That moment when I shut the door behind them, encouraging M to say “bye-bye” as G once again bundles them into the car for an airport dash, that moment’s always bittersweet. Bitter because I’ll miss them, now; sweet because we have our real life back. Pass the coffee.
As an expat, I’m so thankful to have family willing and indeed eager to visit us regularly. Despite the close distance between the UK and Turkey, fights to and fro can add up quite a bit and with the lira’s exchange against the pound, a once a year trip is the limit of our funds. Since M’s been born, my Mum, stepdad, sister, father and grandma have all jumped on planes out to see us, more than once, and have more trips planned in the works. Fantastically, M gets to spend time with some member if his Uk family on average every two months. And I love it, for him, and for us.
My sister’s just left after a ten-day visit. Laundry and ironing piles tower and the fridge needs a thorough sorting, if I don’t dust the top shelves soon spiders will be moving in en mass and as we haven’t eaten ‘normal’ meals once I, who always knows what is cooking, haven’t the foggiest of dinner plan. Being a stay-at-home Mum means it’s easy to have guests, to take a week off and enjoy the time; just when they leave, the job’s back ten-fold! Is it worth it?
Aside from the beauty of watching my son interact with my family and the chance to reconnect with those I love, it’s also bountiful to take the time to reassess life here, in Turkey, in the country that I chose as home.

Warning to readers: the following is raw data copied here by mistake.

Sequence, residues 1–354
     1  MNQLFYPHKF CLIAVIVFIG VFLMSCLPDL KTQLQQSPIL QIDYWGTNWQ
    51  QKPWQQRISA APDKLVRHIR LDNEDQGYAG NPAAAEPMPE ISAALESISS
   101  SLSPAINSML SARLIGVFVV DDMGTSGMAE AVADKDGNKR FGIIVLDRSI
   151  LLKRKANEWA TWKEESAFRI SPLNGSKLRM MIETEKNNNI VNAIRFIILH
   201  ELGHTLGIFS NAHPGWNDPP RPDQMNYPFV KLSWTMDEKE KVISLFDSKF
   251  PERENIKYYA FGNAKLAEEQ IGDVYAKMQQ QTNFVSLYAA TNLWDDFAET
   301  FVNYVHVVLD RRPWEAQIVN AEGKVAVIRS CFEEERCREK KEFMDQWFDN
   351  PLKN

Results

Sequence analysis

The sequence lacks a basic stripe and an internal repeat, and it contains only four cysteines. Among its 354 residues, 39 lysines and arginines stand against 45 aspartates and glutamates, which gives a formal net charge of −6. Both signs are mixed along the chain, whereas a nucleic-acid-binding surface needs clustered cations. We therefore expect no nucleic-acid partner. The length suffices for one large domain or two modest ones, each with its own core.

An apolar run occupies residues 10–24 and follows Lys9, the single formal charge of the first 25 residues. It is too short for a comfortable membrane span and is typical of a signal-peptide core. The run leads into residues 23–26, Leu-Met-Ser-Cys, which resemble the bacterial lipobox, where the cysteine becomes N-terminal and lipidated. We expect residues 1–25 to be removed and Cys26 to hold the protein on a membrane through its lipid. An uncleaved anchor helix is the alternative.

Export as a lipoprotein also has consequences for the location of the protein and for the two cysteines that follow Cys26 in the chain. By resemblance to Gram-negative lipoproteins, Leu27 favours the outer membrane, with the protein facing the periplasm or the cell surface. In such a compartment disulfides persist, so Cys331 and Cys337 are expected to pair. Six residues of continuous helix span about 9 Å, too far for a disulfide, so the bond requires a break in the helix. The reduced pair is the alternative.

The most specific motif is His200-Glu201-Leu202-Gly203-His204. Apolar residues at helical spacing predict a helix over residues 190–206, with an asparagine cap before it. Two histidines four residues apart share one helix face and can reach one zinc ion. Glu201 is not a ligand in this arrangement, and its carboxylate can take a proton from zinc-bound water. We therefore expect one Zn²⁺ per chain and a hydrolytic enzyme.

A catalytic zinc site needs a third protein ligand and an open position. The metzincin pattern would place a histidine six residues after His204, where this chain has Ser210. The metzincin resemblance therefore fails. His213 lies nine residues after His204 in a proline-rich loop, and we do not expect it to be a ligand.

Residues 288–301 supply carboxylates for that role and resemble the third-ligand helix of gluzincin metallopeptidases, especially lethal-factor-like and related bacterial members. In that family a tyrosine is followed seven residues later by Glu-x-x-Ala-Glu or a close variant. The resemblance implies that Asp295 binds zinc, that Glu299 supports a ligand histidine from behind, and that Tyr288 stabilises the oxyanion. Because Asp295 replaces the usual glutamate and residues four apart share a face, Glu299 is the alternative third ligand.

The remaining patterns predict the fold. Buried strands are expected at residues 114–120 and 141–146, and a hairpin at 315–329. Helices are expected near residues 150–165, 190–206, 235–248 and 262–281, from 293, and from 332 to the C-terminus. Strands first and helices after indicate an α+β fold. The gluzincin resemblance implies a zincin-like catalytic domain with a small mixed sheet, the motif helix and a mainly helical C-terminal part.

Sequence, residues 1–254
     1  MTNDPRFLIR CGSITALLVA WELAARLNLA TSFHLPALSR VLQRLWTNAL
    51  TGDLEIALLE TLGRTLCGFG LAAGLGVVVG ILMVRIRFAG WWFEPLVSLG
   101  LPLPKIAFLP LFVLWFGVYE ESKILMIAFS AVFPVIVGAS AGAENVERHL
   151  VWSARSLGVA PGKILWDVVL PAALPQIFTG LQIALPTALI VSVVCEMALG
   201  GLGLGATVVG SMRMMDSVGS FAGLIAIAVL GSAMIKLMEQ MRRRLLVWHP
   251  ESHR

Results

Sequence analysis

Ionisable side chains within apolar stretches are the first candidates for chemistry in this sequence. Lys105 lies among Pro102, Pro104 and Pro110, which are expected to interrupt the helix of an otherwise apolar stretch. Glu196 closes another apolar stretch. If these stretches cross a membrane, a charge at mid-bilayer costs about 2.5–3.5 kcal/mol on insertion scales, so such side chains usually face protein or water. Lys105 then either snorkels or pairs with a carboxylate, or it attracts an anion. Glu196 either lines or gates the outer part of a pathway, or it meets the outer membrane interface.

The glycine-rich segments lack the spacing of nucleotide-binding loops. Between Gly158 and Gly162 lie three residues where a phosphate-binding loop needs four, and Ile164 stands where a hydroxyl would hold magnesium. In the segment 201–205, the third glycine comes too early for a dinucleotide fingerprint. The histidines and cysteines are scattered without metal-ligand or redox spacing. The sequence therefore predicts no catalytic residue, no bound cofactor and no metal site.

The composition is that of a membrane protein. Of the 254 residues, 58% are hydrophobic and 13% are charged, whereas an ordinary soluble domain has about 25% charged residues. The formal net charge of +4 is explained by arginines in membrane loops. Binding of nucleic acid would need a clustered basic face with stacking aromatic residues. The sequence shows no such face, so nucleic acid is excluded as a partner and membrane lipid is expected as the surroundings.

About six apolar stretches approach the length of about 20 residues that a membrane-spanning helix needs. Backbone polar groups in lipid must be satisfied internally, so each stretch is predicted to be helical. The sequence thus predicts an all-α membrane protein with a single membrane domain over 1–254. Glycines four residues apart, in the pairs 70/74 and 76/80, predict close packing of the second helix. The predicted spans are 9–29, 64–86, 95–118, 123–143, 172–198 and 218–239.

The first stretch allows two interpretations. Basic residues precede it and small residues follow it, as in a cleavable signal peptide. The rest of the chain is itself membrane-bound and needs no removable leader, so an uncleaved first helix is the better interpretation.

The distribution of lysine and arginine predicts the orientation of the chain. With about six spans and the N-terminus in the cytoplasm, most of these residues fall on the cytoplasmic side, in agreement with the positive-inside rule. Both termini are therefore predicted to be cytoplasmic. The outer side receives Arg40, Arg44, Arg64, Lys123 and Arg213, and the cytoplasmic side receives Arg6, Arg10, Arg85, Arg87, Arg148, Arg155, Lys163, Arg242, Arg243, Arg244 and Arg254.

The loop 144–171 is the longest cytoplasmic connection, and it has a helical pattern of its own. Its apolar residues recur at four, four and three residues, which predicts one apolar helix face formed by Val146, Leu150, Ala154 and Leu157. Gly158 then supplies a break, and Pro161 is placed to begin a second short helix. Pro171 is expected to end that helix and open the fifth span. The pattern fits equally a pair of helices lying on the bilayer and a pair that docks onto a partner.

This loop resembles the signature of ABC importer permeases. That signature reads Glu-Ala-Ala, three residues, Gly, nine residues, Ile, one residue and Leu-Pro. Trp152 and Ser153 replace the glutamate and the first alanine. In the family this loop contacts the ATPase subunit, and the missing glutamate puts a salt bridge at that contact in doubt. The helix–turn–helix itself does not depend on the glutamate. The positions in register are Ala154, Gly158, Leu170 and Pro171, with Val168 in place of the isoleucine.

It used to be when guests left a wave of homesickness would surge in, leaving me pining for the life they returned to and with doubts as to my true purpose here. I still find guests in town hard – it’s difficult to balance the life I want to lead with the one I left behind, but with each visit there’s a change. With guests in town I’m defensive of our life, but I grumble about it too and I hate that about myself each time. While my family is in town, talk always goes to what’s next to what’s coming, how we’re hoping to improve our lives before next time or to change something in it right now. That’s not me, really; not how I live, day-to-day. Sure, I’d love to have this or that, more or less of something other or else, but these desires – or dreams – they don’t shape and center my world. ‘Til guests come, then they do. When guests are here the life we lead is so much simpler than theirs, less busy or conformed that you notice these things and it’s hard not to focus on them – we are Brits, after all! But when they go home and my home;s peaceful once more, I sit down with a coffee and my baby at my feet – literally. with books. all the time. – and I feel grounded once more. My life, for all it is technically lacking is filled with so much. The reassessment comes after, when the doors closed and they’ve gone because now the pining is done whilst they’re here – a reversal in thought; a new concept of world. The lifestyle, the stuff, I don’t miss any of that. The beauty of life here is in the simplicity of the complication of the frustration of the chaos abound in it all; you can’t explain that to a stranger who’s never walked on this path. Being here, coming from there, is the bounty in itself.